The music world is more than a little bit competitive. It takes a minimum of a requisite amount of talent coupled with thousands of hours of hard work to achieve a level of mastery over one’s instrument(s) to even have a chance of any measurable success in the field. Even when one does reach a high enough artistic level to be considered among the best, success — whatever that might mean — isn’t guaranteed. So what makes the difference?
I came of age at a time in NYC when the lucrative live recording work was said to be drying up (film dates, jingles, rock/pop, etc.), the size of Broadway orchestras started shrinking (due to a combination of producers with millions of dollars on the line pinching pennies and the musical aesthetic turning toward rock and pop) and many part-time orchestras, opera companies and chamber groups began to really struggle financially. Those were sort of the doomsday buzz topics of the late 1990s and early 2000s just like how “classical music is dying” or “dead” is the doomsday buzz topic of today — the difference being, however, that the former statements could be backed up by data, whereas the latter is usually opinion designed to generate controversy and clicks. But I digress! My point is that when I was going through Juilliard and beginning to figure out how to make this music thing work, the environment wasn’t exactly a cornucopia of opportunity in the same way that it was for some of my predecessors. To realistically embrace any hope of success (or even just survival, for that matter!) for my own self meant that I really had to look around and ask: Why is it that certain musicians are always working, while others who have similar artistic training, ability and integrity are not?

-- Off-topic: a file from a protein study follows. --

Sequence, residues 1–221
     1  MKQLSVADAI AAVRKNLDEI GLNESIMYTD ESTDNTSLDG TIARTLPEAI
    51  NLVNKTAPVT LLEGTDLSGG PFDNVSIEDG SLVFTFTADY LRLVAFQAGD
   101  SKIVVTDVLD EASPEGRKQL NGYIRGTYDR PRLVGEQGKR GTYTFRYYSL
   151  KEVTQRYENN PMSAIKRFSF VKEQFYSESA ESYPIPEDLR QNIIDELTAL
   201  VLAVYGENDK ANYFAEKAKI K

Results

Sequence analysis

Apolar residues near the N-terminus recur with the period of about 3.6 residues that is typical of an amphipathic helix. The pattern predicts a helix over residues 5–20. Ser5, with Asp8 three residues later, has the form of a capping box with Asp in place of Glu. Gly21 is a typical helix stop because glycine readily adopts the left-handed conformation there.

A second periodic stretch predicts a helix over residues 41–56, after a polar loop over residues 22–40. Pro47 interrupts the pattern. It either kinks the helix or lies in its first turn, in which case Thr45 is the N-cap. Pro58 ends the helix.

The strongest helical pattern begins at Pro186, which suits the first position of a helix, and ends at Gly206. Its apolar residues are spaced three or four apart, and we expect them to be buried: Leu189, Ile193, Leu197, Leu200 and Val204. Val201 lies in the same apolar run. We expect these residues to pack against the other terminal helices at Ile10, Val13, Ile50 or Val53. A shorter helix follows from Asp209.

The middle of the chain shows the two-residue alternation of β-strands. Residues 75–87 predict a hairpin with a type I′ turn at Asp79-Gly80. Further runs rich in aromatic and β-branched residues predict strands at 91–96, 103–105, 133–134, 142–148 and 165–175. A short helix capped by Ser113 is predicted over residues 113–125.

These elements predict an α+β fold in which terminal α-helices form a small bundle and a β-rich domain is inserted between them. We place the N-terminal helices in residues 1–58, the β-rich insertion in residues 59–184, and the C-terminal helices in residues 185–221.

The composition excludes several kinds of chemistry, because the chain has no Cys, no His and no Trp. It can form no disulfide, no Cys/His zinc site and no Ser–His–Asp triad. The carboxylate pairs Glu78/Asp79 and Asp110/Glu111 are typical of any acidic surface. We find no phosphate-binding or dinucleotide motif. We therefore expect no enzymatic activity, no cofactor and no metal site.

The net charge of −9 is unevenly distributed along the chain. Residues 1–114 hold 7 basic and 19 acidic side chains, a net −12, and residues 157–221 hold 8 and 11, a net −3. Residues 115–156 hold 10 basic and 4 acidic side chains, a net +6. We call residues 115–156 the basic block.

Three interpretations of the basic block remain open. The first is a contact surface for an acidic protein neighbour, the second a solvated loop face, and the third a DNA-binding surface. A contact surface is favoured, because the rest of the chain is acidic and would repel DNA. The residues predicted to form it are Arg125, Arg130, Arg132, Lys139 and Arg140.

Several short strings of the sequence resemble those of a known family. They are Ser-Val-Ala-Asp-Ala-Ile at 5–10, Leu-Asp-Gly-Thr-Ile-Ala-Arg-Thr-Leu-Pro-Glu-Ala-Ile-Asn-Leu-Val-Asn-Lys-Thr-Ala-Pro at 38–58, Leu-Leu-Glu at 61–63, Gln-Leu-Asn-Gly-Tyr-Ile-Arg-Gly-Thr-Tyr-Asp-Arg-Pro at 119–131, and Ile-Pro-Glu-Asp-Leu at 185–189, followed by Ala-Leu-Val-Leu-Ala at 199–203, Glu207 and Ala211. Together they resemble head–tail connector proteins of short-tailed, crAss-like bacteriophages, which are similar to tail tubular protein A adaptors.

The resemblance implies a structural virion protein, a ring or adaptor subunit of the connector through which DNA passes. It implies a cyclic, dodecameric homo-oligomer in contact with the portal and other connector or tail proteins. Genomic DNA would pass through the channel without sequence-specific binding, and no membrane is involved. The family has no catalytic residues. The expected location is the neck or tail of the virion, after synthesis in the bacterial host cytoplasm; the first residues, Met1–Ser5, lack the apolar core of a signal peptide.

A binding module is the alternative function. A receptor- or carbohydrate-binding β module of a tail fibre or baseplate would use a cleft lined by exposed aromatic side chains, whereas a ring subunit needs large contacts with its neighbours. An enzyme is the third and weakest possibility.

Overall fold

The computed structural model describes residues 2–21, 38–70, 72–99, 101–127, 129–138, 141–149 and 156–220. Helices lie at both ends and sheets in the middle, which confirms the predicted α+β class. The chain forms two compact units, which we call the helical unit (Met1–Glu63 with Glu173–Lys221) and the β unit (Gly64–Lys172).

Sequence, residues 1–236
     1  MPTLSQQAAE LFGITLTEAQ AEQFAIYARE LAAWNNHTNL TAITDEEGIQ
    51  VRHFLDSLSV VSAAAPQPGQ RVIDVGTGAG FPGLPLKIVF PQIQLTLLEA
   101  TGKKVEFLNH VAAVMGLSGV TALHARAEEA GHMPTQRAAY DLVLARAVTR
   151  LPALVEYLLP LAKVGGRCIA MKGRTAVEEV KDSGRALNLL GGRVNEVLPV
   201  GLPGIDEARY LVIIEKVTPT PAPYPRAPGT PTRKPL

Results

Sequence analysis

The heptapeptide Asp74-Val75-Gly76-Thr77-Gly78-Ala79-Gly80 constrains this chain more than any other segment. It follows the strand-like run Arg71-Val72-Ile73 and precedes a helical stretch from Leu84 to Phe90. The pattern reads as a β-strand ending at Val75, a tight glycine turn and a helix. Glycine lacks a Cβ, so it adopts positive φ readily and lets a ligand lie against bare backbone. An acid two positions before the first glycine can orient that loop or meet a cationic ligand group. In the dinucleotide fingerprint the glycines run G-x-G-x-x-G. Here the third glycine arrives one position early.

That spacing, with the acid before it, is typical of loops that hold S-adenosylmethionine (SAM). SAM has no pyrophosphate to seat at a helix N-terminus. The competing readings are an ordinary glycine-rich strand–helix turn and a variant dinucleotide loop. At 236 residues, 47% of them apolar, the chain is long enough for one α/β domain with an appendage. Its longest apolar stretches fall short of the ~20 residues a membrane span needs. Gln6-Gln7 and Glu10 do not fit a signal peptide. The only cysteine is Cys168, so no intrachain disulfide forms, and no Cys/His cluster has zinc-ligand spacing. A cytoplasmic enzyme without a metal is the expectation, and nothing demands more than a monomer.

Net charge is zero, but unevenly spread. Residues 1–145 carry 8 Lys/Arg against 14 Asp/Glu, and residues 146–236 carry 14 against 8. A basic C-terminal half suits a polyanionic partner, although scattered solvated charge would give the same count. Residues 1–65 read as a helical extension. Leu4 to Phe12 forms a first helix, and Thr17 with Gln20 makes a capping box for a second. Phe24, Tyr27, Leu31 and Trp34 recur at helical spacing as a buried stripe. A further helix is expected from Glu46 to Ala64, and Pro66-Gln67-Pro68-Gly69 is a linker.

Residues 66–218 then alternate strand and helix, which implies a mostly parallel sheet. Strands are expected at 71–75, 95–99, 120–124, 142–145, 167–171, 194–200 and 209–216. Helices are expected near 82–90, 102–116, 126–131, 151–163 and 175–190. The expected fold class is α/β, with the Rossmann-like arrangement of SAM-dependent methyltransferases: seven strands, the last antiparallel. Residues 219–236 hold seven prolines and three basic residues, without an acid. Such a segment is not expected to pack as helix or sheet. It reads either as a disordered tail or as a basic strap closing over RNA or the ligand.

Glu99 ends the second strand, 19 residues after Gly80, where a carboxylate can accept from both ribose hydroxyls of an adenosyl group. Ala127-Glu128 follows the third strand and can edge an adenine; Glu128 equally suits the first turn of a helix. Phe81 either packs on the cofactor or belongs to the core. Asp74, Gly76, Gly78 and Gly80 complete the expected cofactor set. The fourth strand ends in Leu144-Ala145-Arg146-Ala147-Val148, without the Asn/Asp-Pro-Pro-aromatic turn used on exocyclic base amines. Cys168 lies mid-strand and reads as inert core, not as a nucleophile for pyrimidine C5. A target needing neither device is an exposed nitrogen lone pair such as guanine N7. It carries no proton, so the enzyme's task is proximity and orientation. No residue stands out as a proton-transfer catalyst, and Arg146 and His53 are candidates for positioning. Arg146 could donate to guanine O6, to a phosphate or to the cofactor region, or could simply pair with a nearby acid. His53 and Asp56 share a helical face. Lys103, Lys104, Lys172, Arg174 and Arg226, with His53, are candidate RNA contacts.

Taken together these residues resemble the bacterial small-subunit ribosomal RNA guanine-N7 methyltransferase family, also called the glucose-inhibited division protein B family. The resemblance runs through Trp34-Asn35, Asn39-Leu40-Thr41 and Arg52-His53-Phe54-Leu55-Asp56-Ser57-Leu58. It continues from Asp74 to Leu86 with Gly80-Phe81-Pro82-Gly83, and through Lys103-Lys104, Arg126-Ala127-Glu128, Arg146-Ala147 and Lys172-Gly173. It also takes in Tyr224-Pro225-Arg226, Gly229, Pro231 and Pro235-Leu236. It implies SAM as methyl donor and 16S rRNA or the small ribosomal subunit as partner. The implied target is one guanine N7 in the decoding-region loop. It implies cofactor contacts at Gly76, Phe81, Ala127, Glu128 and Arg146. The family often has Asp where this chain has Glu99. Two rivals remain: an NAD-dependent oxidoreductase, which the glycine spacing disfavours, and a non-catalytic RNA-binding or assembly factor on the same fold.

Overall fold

A whole lifetime could be spent investigating this — empirically, scientifically or otherwise — and I’m sure several volumes could be written on the subject. One might argue that there are a multitude of extra-musical factors at work: Where someone went to school and connections that resulted; Who someone studied with and the opportunities with which they might have been presented; Financial resources or lack thereof; Maybe even just plain luck, i. e. being in the right place at the right time. Sure, these things open doors for certain individuals here and there, but those things are not what really makes them succeed over the long term. What makes a person succeed over the long term is strong artistic ability coupled with a keen sense of professionalism.
In my multipart series, On Professionalism, I will discuss all the things that don't necessarily have to do with playing percussion, but have everything to do with how to be a percussionist who people want to hire, with whom they want to work and with whom they want to play music. Stay tuned for Part 1!